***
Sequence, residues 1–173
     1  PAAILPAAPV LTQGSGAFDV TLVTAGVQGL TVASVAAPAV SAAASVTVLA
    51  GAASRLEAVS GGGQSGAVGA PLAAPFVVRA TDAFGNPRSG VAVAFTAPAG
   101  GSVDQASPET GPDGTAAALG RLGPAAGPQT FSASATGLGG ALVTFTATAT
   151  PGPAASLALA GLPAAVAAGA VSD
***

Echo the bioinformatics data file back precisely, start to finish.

Sequence, residues 1–173
     1  PAAILPAAPV LTQGSGAFDV TLVTAGVQGL TVASVAAPAV SAAASVTVLA
    51  GAASRLEAVS GGGQSGAVGA PLAAPFVVRA TDAFGNPRSG VAVAFTAPAG
   101  GSVDQASPET GPDGTAAALG RLGPAAGPQT FSASATGLGG ALVTFTATAT
   151  PGPAASLALA GLPAAVAAGA VSD